Physical Principles Involved in Transistor Action in Bell System Technical Journal 28, no. 2 (April 1949), pp. 239-77 [Complete issue in original wraps]. J. Bardeen, W. H. Brattain, John, Walter.

Physical Principles Involved in Transistor Action in Bell System Technical Journal 28, no. 2 (April 1949), pp. 239-77 [Complete issue in original wraps]

New York: American Telephone and Telegraph Company, 1949. 1st Edition. FIRST EDITION IN ORIGINAL WRAPS OF “THE FIRST COMPREHENSIVE REPORT ON THE INVENTION OF THE TRANSISTOR” -- probably the most important invention of the 20th century -- by BARDEEN & BRATTAIN (Origins of Cyberspace, 450; Ira Flatow). Their discovery had been “announced in three brief papers [letters to the editor] published in the Physical Review the previous year” (ibid). It was not until the publication of paper offered here that Bell Labs allowed Bardeen and Brattain to fully describe their invention. “The transistor gradually replaced the bulkier vacuum tube, allowing heat reduction and miniaturization of electronic devices. Transistors began to be employed on a large scale in computer manufacturing in the late 1950s; they were eventually miniaturized and incorporated into microprocessors” (ibid).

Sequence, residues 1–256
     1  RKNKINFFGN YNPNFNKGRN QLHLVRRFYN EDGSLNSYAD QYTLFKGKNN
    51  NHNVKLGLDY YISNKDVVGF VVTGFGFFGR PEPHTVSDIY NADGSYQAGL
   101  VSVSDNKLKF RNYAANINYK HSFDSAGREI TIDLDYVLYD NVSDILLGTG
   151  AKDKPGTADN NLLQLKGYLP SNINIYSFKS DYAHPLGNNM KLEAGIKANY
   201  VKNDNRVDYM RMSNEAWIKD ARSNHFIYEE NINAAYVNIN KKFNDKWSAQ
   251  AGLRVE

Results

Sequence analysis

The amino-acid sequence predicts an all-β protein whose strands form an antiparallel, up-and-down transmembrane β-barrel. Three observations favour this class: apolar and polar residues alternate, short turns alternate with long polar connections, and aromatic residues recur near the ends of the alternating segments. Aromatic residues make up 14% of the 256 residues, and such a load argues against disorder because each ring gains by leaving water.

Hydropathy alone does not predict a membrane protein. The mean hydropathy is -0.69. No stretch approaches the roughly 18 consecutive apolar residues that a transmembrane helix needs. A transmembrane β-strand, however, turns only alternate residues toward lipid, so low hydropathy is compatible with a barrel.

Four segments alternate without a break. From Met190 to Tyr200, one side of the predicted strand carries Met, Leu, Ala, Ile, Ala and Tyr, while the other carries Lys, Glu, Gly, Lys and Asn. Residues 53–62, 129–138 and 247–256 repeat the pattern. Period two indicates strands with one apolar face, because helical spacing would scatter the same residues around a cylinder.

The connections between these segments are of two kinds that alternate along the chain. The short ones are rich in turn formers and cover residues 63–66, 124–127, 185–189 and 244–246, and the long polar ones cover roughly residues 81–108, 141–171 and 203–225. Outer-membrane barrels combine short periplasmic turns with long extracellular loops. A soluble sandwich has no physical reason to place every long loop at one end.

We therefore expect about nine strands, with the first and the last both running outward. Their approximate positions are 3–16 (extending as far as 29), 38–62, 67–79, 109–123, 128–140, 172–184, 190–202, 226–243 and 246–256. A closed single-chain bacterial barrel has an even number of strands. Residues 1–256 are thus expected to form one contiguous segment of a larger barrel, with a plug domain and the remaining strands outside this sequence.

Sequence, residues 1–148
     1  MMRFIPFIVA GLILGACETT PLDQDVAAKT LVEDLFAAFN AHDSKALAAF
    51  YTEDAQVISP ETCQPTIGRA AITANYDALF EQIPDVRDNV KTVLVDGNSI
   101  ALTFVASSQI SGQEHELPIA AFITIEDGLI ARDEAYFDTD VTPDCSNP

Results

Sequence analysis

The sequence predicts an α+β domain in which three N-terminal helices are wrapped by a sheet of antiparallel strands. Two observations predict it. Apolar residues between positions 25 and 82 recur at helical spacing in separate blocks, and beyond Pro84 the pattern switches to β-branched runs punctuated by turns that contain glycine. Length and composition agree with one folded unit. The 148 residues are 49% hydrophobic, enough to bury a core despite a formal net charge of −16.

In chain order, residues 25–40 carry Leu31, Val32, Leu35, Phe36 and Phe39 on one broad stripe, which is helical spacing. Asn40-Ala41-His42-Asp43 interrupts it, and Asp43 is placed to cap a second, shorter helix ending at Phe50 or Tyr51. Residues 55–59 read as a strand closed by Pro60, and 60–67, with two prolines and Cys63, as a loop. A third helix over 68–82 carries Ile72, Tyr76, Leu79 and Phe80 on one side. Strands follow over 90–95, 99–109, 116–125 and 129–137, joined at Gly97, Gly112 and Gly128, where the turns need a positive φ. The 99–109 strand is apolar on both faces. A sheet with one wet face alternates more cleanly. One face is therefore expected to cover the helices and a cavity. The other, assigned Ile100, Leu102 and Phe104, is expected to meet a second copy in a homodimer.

Together with William Shockley, Bardeen and Brattain received the Nobel Prize in Physics, 1956, for this work, specifically, for their investigations of semiconductors (the materials of which transistors are made) and for their discovery of the transistor (Nobel Prize Committee).

"In 1947, John Bardeen and Walter Brattain, working at Bell Telephone Laboratories, were trying to understand the nature of the electrons at the interface between a metal and a semiconductor. They realized that by making two point contacts very close to one another, they could make a three terminal device - the first "point contact" transistor” (Nobel Prize Portal).

They quickly made a few of these transistors and connected them with some other components to make an audio amplifier. This audio amplifier was shown to chief executives at Bell Telephone Company, who were very impressed that it didn't need time to "warm up" (like the heaters in vacuum tube circuits). They immediately realized the power of this new technology. The invention of the transistor was the spark that ignited a huge research effort in solid state electronics and is often considered the invention that made the information age possible. Item #1194

CONDITION & DETAILS: New York: American Telephone and Telegraph Company. Complete issue. First edition, original printed wraps. Very small tear at the bottom of the front wrap; barely visible, see picture. Fine condition by any measure.

Price: $1,600.00